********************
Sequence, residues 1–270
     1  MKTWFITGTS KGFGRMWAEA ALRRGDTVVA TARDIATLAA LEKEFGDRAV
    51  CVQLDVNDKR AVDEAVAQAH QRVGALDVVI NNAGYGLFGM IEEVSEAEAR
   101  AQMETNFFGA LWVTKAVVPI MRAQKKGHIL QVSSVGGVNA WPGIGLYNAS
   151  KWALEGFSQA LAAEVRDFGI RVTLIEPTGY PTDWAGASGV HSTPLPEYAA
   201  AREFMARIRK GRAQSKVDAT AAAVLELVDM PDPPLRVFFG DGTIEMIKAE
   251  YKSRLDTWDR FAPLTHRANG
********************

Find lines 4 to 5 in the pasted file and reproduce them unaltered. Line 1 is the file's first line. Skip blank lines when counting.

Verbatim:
   101  AQMETNFFGA LWVTKAVVPI MRAQKKGHIL QVSSVGGVNA WPGIGLYNAS
   151  KWALEGFSQA LAAEVRDFGI RVTLIEPTGY PTDWAGASGV HSTPLPEYAA